Once you are happy with your composition, use a flashlight to illuminate the background subject. Remember that the background (the sparkling star in my case) needs to be brighter than the foreground (the candy cane). This way, the light will go through the droplet making it brighter.

As my flashlight was too close to my foreground subject, I used a folded paper towel to block the light shining onto the candy cane. I always try to keep my workspace clean and organized. That is why having a small sealed container, like one used for contact lenses, is key to not spilling the water needed for the waterdrops.
Macro Refraction
OM-D E-M1 Mark III | M.Zuiko 30mm F3.5 Macro
1/40s | F4 | ISO 200


Start with one shot to see what you can get. I like to start at f/7.1 and then play with ISO and speed. I love the in-camera focus stacking as it gives me a great finished image in camera 95% of the time. I usually start with 8 for the number of shots and 7 for the focus differential and go from there. If my foreground subject is completely parallel to my lens, I will go for a lower f-stop to get as much light as possible and will play with the focus differential until I get a satisfying image.

I am always looking for a blurred background with a sharp and detailed subject captured in my water drop as well as a mostly sharp foreground subject. You will have to experiment and practice to get it right, so don’t limit yourself to one shot. Try a single shot, then focus stack and play with all the tools available.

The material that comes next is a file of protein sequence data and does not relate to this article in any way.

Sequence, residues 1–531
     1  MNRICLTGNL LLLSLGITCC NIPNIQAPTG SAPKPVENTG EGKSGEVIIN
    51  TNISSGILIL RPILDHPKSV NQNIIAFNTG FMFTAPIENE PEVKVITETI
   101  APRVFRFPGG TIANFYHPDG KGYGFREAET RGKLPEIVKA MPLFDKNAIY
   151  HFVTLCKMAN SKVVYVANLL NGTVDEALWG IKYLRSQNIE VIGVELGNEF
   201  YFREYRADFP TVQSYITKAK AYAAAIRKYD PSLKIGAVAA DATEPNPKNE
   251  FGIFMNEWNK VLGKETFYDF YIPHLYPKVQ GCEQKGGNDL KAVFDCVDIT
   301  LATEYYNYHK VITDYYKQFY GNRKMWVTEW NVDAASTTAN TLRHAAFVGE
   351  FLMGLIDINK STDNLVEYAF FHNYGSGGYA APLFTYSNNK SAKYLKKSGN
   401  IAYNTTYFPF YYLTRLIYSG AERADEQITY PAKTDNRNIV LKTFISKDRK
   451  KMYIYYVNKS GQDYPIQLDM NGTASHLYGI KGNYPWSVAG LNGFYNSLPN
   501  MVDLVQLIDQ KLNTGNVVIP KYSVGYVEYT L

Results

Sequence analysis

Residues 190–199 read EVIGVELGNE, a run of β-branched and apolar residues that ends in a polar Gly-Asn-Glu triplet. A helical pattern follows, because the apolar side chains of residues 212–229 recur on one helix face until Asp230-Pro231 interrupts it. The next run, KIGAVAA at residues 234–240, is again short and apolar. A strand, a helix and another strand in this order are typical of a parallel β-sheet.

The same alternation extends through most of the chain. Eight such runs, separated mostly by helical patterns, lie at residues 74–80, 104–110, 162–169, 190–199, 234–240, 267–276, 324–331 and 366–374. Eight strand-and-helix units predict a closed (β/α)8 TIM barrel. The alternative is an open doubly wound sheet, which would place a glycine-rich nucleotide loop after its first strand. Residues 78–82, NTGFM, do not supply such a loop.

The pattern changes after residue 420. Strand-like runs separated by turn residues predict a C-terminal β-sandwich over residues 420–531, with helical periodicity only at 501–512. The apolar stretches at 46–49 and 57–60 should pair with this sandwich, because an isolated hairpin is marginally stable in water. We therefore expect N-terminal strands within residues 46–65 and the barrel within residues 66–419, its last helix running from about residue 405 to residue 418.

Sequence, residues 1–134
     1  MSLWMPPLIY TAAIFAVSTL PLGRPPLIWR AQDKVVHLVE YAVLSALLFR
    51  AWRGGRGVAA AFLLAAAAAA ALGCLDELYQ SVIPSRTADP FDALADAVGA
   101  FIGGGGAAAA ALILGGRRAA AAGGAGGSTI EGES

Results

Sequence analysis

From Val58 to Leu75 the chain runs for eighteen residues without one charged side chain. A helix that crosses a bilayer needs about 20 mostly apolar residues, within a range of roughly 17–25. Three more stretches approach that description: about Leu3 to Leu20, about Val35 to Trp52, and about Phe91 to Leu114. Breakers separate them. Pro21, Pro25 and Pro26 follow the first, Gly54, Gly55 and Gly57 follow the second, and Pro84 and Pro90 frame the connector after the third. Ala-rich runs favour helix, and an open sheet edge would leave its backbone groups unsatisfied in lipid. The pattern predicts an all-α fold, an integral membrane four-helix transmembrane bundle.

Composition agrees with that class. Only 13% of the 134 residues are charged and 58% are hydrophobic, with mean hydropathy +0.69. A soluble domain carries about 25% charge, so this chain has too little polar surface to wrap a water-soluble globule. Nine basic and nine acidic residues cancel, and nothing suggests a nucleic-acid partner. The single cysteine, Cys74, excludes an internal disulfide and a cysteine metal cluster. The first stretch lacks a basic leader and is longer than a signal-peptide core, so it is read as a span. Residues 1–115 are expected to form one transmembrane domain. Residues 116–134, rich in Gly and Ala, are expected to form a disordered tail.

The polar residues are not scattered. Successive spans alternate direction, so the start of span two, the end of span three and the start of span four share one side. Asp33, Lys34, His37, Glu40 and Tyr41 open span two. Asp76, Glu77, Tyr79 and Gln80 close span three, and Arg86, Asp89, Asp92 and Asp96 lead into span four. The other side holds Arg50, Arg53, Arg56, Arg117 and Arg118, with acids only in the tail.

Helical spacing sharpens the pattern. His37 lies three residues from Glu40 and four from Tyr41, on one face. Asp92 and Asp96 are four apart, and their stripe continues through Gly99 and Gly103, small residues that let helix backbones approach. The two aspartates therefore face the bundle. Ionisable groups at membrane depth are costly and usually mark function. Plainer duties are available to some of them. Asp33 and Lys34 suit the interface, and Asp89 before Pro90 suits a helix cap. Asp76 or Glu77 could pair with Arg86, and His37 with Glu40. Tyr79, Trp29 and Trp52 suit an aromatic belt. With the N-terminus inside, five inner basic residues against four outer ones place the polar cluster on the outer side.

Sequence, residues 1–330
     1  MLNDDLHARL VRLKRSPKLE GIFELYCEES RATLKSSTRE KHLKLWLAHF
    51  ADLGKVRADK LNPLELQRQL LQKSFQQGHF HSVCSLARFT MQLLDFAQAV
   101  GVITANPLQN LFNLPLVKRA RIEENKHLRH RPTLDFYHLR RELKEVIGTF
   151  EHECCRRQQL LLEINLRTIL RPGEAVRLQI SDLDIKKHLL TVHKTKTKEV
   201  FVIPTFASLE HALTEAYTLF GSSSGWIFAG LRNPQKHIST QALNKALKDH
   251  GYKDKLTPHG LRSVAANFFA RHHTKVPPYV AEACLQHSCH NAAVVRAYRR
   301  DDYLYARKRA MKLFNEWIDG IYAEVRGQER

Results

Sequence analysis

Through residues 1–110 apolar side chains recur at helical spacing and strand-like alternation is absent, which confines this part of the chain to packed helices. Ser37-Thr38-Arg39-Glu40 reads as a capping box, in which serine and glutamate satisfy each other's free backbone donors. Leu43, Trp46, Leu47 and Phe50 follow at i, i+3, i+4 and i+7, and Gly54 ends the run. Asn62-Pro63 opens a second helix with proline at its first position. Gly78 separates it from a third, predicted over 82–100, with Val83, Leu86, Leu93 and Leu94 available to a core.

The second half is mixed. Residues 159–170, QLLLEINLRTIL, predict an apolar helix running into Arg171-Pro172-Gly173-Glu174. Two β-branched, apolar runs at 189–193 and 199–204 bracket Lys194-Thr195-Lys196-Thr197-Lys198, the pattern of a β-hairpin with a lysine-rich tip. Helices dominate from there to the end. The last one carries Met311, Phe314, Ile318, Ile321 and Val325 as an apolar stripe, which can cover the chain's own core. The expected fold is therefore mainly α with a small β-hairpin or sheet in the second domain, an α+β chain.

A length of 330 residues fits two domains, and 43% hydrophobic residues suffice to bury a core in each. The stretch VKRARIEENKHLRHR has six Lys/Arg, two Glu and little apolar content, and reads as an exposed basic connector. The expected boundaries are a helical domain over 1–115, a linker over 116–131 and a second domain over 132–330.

Be Creative and Have Fun

Don’t have Christmas decorations out yet? Maybe you have an old photo on your computer or tablet that you can use as a background and main subject. One of the huge perks of using a photo is that you can put it upside down on your tablet or computer and it will show up like normal in your water drop. Try putting your Christmas tree upside down in real life - probably not an option, right? Another advantage of using an iPad is that you can set the brightness of the display on high to make your water drop stand out. To make this image, I used a stock photo of a Christmas tree I got from an online design and publishing platform I subscribe to.

Once you understand the basic concept, experiment and have fun. There are so many ways to capture refractions and be creative.

Macro Refraction
OM-D E-M1 Mark III | M.Zuiko 30mm F3.5 Macro
1.6s | F4.5 | ISO 200
Using a tablet allows me to turn my subject upside down and have it reflected back to normal.


My last tip before wishing you a ho ho ho happy holiday is to remember to use the magnification and peaking function of your camera. Setting up a dedicated button for those two tasks will ensure a sharp image. You can use both functions to make sure your subject is sharp in all your drops.

Instagram: @emilietalpin

Emilie Talpin is a French teacher and photographer based in New Hampshire who is passionate about macro, wildlife, night sky and videography. When not in front of her classroom, she loves traveling, exploring the outdoors, and chasing her next photo.